Sunday, November 15, 2009

Not a Flight, but Duckage and Miscellaneous Landbirds add up

It does not appear that much of a landbird flight occurred last night, and yet I found my first Fox Sparrow of fall at Hidden Valley this morning. Even better were the two Northern Bobwhites at Hidden Valley, one of which flushed in front of me along the west path, which inspired me to whistle bob-white a bit, which in turn inspired a different quail to call.

The Common Eider accumulation around Cape May is off the charts, with 150+ around Cape May Point. A few White-winged Scoters are with them, and Sam Galick just reported 2 male and 3 female Harlequin Ducks around the pilings at Poverty Beach, in front of the Coast Guard Station.

The Common Eider thing is unprecedented, and both Tony Leukering and I have had eiders flying down the Delaware Bay the past couple days, which leads me to believe the ones at Cape May are birds that were blown inland by the northeaster and followed the bay south. Lending credence to that theory is the Common Eider being seen right now on CMBO's Exploring Cumberland field trip - at East Point!

At least 3 Eurasian Wigeon are present on Lighthouse Pond, one of which is developing gray patches on the sides and so is a male and soon will look like one, if it stays.

In the non-duck department, apparently both Clay-colored Sparrow and Dickcissel were found behind the Cape May Point State Park museum today, and at least two Cave Swallows are about. Tony Leukering found two Nelson's Sparrows of the gray subvirgatus race at the meadows yesterday, and they were still there this morning. Look along the east path near the bend. There are two Glossy Ibis lingering in the meadows, too, and three Long-billed Dowitchers there yesterday.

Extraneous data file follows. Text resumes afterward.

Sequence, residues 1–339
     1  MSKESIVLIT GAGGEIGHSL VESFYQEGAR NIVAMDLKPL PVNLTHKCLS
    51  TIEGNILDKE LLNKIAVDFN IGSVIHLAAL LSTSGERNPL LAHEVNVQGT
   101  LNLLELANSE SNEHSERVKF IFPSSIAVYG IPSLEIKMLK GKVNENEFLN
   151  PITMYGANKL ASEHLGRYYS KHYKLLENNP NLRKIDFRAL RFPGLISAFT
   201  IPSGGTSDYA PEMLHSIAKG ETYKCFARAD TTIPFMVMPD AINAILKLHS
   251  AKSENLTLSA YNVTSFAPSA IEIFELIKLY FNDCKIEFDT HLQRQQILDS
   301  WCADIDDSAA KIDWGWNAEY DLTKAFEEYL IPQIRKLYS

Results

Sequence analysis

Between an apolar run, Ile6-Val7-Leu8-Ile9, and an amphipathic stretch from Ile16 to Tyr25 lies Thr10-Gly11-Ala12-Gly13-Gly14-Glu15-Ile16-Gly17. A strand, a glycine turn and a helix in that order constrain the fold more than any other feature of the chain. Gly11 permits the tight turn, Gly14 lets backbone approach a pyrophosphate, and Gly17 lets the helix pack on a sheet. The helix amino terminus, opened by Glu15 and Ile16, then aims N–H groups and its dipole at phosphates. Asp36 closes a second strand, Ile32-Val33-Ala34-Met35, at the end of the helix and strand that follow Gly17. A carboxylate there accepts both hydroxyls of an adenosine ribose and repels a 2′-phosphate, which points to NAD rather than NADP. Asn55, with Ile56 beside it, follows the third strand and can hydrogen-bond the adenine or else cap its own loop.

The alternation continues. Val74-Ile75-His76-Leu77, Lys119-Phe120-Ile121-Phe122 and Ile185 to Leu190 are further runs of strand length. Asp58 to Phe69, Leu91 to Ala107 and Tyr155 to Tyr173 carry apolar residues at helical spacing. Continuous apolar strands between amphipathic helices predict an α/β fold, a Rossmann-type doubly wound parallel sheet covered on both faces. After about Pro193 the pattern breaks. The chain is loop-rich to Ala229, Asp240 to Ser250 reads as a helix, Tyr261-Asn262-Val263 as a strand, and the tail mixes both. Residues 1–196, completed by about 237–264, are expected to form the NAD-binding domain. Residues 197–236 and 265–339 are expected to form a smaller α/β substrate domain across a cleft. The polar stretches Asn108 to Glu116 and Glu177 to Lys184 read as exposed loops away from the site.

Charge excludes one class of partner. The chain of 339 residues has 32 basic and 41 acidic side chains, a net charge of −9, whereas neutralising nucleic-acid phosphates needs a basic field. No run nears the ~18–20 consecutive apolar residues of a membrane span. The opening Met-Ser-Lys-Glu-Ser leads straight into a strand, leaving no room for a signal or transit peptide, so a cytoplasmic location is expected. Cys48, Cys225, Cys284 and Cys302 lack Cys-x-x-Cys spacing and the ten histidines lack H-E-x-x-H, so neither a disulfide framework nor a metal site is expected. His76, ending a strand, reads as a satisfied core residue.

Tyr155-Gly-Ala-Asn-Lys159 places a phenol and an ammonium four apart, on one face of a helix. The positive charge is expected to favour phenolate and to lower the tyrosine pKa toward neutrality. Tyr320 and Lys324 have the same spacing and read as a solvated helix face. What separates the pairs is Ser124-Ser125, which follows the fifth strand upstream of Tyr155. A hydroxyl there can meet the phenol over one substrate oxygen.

Oh, the Swainson's Hawk is still there, same general area, seen yesterday on the CMBO Beanery walk and this morning, too, "over the chilis" according to Tony, meaning the field with the peppers in it, kind of between Stevens Street and the birds normal haunts (see map, below). The Beanery Walk also had a calling Virginia Rail near the parking lot, and Rusty Blackbirds.

Other raptors include a juvenile Northern Goshawk at the Beanery seen by Tony Leukering yesterday, and a Golden Eagle reported over Bridgeton, Cumberland County yesterday by Michael Cesario. There's a bird that will be seen from the hawk watch this afternoon or tomorrow, maybe not that individual (it was headed northeast when last seen), but with northwest winds (light though they are) it seems that a Golden in the next two days would be a good bet.

Plenty of late fall good things were just flying around this morning, things like Eastern Bluebirds in flocks up to 30, Eastern Meadowlarks, Wilson's Snipe. The clear, light-northwest night that was forecast for last night (and didn't happen, it was overcast and misty) is now on tap for tonight. Owls? Passerines? We'll see.

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